won twenty guineas at whist, and taken leave of his friends, Phileas
Fogg, at twenty-five minutes past seven, left the Reform Club.
who had conscientiously studied the programme of his duties, was more than
surprised to see his master guilty of the inexactness of appearing at this
unaccustomed hour; for, according to rule, he was not due in Saville Row
until precisely midnight.
repaired to his bedroom, and called out, "Passepartout!"
did not reply. It could not be he who was called; it was not the right
repeated Mr. Fogg, without raising his voice.
made his appearance.
called you twice," observed his master.
is not midnight," responded the other, showing his watch.
it; I don't blame you. We start for Dover and Calais in ten minutes."
grin overspread Passepartout's round face; clearly he had not comprehended
is going to leave home?"
returned Phileas Fogg. "We are going round the world."
opened wide his eyes, raised his eyebrows, held up his hands, and seemed
about to collapse, so overcome was he with stupefied astonishment.
the world!" he murmured.
days," responded Mr. Fogg. "So we haven't a moment to lose."
trunks?" gasped Passepartout, unconsciously swaying his head from right
have no trunks; only a carpet-bag, with two shirts and three pairs of stockings
for me, and the same for you. We'll buy our clothes on the way. Bring down
my mackintosh and traveling-cloak, and some stout shoes, though we shall
do little walking. Make haste!"
tried to reply, but could not. He went out, mounted to his own room, fell
into a chair, and muttered: "That's good, that is! And I, who wanted to
set about making the preparations for departure. Around the world in eighty
days! Was his master a fool? No. Was this a joke, then? They were going
to Dover; good! To Calais; good again! After all, Passepartout, who had
been away from France five years, would not be sorry to set foot on his
native soil again. Perhaps they would go as far as Paris, and it would
do his eyes good to see Paris once more. But surely a gentleman so chary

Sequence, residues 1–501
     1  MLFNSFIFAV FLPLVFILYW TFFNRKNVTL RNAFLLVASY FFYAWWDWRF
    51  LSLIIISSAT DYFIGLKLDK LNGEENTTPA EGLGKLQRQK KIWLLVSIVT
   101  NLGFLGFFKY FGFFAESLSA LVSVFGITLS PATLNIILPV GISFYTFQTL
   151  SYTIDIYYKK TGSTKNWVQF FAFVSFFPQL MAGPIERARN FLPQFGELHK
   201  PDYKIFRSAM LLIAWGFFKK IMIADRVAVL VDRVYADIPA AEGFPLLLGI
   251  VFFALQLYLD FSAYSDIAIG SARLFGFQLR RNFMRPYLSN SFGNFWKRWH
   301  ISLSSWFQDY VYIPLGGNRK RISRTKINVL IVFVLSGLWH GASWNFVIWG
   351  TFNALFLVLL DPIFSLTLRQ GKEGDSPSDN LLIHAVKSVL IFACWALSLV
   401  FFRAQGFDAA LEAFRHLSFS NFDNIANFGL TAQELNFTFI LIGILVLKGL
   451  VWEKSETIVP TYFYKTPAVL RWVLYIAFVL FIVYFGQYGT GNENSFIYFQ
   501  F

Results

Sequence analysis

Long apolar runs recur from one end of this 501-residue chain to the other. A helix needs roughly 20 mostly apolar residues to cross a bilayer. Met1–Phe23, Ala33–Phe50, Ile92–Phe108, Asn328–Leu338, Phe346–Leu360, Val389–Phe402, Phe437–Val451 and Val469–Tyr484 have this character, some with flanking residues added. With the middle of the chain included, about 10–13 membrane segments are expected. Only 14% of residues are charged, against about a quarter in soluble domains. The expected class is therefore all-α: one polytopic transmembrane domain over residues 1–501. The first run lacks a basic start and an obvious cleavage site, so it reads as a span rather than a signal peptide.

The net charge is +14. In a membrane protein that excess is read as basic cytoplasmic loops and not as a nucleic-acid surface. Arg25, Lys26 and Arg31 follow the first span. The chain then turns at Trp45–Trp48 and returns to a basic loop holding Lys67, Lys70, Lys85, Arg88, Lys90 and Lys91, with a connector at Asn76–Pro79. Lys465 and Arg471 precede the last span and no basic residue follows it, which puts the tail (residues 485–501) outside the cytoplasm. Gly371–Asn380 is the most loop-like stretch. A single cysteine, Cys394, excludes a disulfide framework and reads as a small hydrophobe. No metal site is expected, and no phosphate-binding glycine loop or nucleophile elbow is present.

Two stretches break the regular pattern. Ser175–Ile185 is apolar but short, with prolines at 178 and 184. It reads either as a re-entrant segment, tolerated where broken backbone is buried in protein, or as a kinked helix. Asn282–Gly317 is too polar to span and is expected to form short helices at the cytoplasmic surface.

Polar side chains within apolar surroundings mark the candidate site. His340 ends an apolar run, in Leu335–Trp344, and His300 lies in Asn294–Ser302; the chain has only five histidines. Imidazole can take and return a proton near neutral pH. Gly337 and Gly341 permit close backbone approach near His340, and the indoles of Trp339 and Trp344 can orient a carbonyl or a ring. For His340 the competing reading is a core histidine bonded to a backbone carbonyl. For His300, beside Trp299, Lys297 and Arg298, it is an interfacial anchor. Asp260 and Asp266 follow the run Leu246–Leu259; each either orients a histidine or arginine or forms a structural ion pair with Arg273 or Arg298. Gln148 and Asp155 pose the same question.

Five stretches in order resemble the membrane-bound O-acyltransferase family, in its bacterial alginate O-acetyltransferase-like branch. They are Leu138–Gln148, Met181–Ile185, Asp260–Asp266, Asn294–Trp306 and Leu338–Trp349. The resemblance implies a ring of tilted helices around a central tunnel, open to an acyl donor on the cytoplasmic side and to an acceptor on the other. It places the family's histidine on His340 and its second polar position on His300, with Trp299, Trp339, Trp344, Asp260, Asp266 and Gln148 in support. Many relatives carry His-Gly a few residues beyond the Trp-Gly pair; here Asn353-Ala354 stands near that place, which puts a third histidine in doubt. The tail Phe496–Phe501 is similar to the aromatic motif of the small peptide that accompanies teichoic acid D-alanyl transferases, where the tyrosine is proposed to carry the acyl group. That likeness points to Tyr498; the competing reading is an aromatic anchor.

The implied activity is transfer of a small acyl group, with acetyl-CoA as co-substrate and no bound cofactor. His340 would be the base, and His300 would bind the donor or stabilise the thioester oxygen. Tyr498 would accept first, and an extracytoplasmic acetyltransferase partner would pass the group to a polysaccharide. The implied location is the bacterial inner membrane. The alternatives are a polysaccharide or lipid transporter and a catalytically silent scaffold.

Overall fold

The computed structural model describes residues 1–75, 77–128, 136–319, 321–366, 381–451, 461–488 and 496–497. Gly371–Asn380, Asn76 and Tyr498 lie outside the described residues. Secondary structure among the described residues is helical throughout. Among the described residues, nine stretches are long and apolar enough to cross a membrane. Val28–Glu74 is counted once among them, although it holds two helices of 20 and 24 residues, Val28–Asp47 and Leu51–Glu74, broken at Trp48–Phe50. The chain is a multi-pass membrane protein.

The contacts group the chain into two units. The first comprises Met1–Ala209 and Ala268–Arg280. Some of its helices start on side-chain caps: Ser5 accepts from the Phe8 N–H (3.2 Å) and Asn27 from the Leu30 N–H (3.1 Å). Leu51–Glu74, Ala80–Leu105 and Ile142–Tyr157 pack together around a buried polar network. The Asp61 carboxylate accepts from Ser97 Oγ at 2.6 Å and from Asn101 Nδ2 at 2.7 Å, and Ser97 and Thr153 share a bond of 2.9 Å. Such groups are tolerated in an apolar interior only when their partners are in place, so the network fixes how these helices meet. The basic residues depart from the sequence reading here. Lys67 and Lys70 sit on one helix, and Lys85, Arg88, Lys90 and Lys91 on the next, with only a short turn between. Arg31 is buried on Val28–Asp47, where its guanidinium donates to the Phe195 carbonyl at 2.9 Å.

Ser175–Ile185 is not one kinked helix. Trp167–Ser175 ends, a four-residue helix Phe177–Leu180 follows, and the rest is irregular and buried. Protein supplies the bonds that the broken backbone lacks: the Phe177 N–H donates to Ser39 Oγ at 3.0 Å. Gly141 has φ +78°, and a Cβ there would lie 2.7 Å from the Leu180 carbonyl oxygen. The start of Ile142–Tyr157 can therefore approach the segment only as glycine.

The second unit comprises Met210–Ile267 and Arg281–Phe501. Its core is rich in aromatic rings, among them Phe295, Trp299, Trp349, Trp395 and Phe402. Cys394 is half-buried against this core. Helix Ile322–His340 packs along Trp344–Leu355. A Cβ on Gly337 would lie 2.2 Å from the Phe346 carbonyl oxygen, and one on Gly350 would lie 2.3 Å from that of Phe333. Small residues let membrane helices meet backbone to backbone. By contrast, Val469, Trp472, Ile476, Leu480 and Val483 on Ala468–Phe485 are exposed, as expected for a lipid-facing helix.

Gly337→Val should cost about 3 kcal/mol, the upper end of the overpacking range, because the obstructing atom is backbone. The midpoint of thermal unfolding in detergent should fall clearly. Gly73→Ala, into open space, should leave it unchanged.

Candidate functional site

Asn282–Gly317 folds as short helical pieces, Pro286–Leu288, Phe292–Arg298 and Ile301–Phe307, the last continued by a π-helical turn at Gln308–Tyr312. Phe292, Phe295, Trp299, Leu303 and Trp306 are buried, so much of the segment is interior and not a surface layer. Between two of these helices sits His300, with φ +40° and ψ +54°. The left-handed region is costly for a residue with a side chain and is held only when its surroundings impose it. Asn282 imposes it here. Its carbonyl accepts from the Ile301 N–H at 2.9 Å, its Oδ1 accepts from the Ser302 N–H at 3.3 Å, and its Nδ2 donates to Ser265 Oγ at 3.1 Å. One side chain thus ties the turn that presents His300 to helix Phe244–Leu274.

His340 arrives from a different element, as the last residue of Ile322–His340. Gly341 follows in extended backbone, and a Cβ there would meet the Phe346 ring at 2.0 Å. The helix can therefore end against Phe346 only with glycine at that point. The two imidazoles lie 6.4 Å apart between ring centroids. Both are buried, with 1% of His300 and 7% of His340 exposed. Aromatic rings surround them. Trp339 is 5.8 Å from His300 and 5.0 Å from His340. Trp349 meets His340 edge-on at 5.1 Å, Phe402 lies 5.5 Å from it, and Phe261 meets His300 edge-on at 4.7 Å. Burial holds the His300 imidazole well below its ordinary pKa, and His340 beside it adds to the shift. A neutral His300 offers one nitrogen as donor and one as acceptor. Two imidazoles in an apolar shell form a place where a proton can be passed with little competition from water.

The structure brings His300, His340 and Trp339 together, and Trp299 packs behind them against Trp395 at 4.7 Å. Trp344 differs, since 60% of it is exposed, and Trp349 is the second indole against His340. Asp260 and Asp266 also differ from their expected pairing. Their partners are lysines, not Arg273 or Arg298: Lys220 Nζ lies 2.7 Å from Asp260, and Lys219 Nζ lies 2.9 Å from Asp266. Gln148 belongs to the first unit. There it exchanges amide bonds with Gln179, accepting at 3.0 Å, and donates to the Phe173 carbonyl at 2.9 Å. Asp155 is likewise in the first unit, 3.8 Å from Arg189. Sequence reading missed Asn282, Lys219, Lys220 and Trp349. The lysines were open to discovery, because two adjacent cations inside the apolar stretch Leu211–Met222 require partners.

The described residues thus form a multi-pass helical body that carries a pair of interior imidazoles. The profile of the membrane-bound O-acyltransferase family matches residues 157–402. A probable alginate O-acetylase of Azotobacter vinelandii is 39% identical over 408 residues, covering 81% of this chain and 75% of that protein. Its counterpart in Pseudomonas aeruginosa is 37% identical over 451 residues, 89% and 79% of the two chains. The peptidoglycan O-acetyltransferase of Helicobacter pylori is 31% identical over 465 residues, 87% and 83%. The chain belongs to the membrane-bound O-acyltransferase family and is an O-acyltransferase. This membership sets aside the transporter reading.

of his steps would stop there; no doubt-- but, then, it was none the less
true that he was going away, this so domestic person hitherto!
o'clock Passepartout had packed the modest carpet-bag, containing the wardrobes
of his master and himself; then, still troubled in mind, he carefully shut
the door of his room, and descended to Mr. Fogg.
was quite ready. Under his arm might have been observed a red-bound copy
of Bradshaw's Continental Railway Steam Transit and General Guide, with
its timetables showing the arrival and departure of steamers and railways.
He took the carpet-bag, opened it, and slipped into it a goodly roll of
Bank of England notes, which would pass wherever he might go.
forgotten nothing?" asked he.
Take this carpet-bag," handing it to Passepartout. "Take good care of it,
for there are twenty thousand pounds in it."
nearly dropped the bag, as if the twenty thousand pounds were in gold,
and weighed him down.
and man then descended, the street-door was double-locked, and at the end
of Saville Row they took a cab and drove rapidly to Charing Cross. The
cab stopped before the railway station at twenty minutes past eight. Passepartout
jumped off the box and followed his master, who, after paying the cabman,
was about to enter the station, when a poor beggar-woman, with a child
in her arms, her naked feet smeared with mud, her head covered with a wretched
bonnet, from which hung a tattered feather, and her shoulders shrouded
in a ragged shawl, approached, and mournfully asked for alms.
took out the twenty guineas he had just won at whist, and handed them to
the beggar, saying, "Here, my good woman. I'm glad that I met you;" and
had a moist sensation about the eyes; his master's action touched his susceptible
tickets for Paris having been speedily purchased, Mr. Fogg was crossing
the station to the train, when he perceived his five friends of the Reform.
gentlemen," said he, "I'm off, you see; and, if you will examine my passport
when I get back, you will be able to judge whether I have accomplished
the journey agreed upon."
would be quite unnecessary, Mr. Fogg," said Ralph politely. "We will trust
your word, as a gentleman of honour."
not forget when you are due in London again?" asked Stuart.
days; on Saturday, the 21st of December, 1872, at a quarter before nine
p.m. Good-bye, gentlemen."
Fogg and his servant seated themselves in a first-class carriage at twenty
minutes before nine; five minutes later the whistle screamed, and the train
slowly glided out of the station.
was dark, and a fine, steady rain was falling. Phileas Fogg, snugly ensconced
in his corner, did not open his lips. Passepartout, not yet recovered from
his stupefaction, clung mechanically to the carpet-bag, with its enormous
the train was whirling through Sydenham, Passepartout suddenly uttered
a cry of despair.
the matter?" asked Mr. Fogg.
In my hurry--I--I forgot--"
off the gas in my room!"
well, young man," returned Mr. Fogg, coolly; "it will burn-- at your expense."